By a margin of 11 to 28, with six abstentions, the Faculty Senate in a long-awaited vote rejected a resolution calling for Stanford to commit to divestment from oil and natural gas companies, leaving students frustrated with the vote and the meeting’s proceedings. A final decision on divestment will be made by the Board of Trustees in June.
Former Undergraduate Senator Anthony Duarte ’22 presented a resolution calling on the University to commit to freezing investment in the top 100 oil and gas companies and commit “to fully divesting from publicly traded oil and gas companies within 90 days of commitment and private partnerships within the next 5 years.” The resolution had already been passed by both the Undergraduate Senate and Graduate Student Council.
Discussion at the meeting centered around a 2018 decision by Stanford Management Company to divest from companies whose behaviors are deemed by the Board of Trustees as “abhorrent and ethically unjustifiable.”
“Given our scientific understanding of how fossil fuel corporations endanger human lives across the world, investment in these companies is ethically unjustifiable,” Duarte said.
Paul Brest, professor emeritus at Stanford Law School, cautioned against labeling the entire industry as “ethically unjustifiable” since individuals and institutions depend on fossil fuels to provide everyday services like heating, air conditioning and transportation. But Brest conceded that some companies do conduct “ethically unjustifiable” activities and divestment from those companies should be determined on a case-by-case basis.
“There’s little doubt that some oil and gas companies have engaged in human rights violations, environmental damages, misrepresentation of risk, political lobbying to forestall renewable energy,” Brest said. “Some of their behaviors may well be abhorrent and ethically unjustifiable as prohibited by the 2018 statement on investment responsibility. These deserve and require individual determinations, but not an attribution of collective guilt.”
But history professor Mikael Wolfe argued that companies’ membership in trade associations that spread misinformation on climate science was a reason to divest from oil and gas companies.
“All hundred oil and gas companies listed here are part of the American Petroleum Institute, which actively lobbies on their behalf against climate legislation and funds groups to sow doubt in the science,” he said. “What I’m more concerned about is far more valuable to Stanford, namely its reputation and legacy.”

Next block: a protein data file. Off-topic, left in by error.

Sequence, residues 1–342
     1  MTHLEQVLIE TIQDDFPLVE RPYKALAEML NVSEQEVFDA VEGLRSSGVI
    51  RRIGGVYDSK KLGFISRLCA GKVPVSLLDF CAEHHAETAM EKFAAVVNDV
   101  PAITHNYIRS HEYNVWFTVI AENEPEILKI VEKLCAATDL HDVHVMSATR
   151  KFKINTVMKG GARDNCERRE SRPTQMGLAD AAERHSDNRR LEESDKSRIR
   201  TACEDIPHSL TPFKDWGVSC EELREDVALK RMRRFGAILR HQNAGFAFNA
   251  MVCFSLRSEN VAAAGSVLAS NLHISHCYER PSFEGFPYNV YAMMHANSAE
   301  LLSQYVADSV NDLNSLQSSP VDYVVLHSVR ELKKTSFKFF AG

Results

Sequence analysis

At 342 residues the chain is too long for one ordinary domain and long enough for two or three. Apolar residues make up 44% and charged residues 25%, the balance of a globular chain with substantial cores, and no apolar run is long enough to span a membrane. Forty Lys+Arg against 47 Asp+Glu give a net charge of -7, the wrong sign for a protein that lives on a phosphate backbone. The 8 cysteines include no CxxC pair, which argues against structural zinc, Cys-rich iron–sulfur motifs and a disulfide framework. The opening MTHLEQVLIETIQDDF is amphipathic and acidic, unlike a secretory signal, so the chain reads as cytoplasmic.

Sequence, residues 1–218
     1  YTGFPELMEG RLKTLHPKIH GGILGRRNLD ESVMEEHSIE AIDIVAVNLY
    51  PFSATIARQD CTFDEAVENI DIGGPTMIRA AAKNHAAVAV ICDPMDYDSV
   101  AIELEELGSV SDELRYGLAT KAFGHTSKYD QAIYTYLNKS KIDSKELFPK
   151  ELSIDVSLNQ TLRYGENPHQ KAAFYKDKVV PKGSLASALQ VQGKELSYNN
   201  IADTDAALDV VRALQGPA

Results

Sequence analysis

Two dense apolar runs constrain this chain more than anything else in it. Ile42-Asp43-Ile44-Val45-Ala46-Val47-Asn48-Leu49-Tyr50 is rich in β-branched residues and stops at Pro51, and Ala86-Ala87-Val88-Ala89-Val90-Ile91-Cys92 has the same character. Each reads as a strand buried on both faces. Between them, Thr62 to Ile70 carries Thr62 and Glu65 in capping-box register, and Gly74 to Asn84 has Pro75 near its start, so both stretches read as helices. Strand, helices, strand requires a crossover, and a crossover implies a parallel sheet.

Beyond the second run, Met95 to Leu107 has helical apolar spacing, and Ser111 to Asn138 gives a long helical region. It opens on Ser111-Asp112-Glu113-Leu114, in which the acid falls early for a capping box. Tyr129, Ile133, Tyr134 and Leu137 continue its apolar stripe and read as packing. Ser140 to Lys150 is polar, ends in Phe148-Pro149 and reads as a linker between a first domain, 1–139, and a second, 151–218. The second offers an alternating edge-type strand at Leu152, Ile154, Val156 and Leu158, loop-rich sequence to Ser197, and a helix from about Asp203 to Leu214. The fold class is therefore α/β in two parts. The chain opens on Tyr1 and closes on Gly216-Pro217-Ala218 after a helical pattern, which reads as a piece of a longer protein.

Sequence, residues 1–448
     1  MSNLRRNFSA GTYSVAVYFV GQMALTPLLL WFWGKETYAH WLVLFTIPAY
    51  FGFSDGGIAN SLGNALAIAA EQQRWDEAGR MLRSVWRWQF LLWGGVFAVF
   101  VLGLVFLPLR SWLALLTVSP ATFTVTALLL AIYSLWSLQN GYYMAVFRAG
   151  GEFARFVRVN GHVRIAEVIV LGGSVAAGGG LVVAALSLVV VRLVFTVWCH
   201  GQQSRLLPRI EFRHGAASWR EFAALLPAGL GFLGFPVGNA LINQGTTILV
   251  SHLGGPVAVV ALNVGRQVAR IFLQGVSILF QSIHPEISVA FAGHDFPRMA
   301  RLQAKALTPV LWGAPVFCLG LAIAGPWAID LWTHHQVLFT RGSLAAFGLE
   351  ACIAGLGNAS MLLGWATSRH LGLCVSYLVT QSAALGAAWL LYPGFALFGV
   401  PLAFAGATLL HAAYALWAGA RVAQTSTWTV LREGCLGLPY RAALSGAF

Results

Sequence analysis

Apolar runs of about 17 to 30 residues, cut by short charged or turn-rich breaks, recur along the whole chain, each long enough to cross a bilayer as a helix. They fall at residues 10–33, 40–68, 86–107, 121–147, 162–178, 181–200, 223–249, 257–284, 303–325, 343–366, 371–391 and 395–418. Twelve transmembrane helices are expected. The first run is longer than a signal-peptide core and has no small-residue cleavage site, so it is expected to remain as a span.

Wolfe described divestment as a social movement that Stanford should take part in, as peer institutions including Cornell and the University of California system announce or finish implementing divestment from fossil fuels.
Geophysics professor Dustin Schroeder was also concerned with the University’s reputation, but noted the close ties Stanford has to the fossil fuel industry.
“I know that funding from fossil fuels supports a lot of environmental and alternative energy research on campus,” he said.
Schroeder weighted this research — which he described as being conducted in areas such as climate dynamics, renewable energy and sustainable groundwater management — against divestment.
“Will us, supporting this jeopardize the support for our students in their capacity to research this, in our capacity to undertake the super important [greenhouse gas] minimizing climate and energy research we’re doing?” he asked.
Both Schroeder and Stephen Graham, dean of the School of Earth, Energy and Environmental Sciences, said that the fossil fuel industry has supported the research of more than 1,000 students. Graham added that the University has maintained ties to the industry for several decades.
“So my concern is that a vote in favor of the resolution today may serve to undermine those partnerships, so successfully cultivated over the years, and result in a shift in the funding that is so critical to our mission toward a clean energy system from Stanford, away from Stanford and toward other institutions to happen,” Graham said. “It would be a tragic loss to many Stanford students, faculty departments and institutes, and a significant setback to research that is needed now more than ever.”
Students from environmental groups expressed frustration with the vote and the proceedings.
“We’re angered by the Faculty Senate’s refusal to listen to student voices,” wrote activist group Fossil Free Stanford in a statement to The Daily. “ASSU reps were given two chances to speak, with no chance to answer the questions that fed doubt to the senate. It became apparent that the majority of the current senate has little regard for a sustained, resounding call for divestment from Stanford students.”
Chris Tan ’21, co-director of Students for Sustainable Stanford, said that discussion at the meeting did not adequately take into account environmental justice and the lived realities of people in marginalized communities.
“The discussion highlighted the lack of representation from impacted communities, and the silence on the disproportionate impacts of climate change on poor people of color globally,” he said. “Furthermore, it was a refusal to acknowledge how the fossil fuel industry is predicated on the violent displacement and erasure of Indigenous peoples as well as the siting of polluting facilities in primarily Black and Brown communities.”
Nancy Chang ’20, co-leader of Students for Environmental and Racial Justice, expressed disappointment that the resolution failed.
“It wasn’t just about the decision on whether to support divestment; the student involvement in the Special Commitment on Investment Responsibility also got shot down with it — there should have been a motion to divide the question,” Chang said. “Student engagement is crucial to long-term decision making and making sure the process is open and transparent.”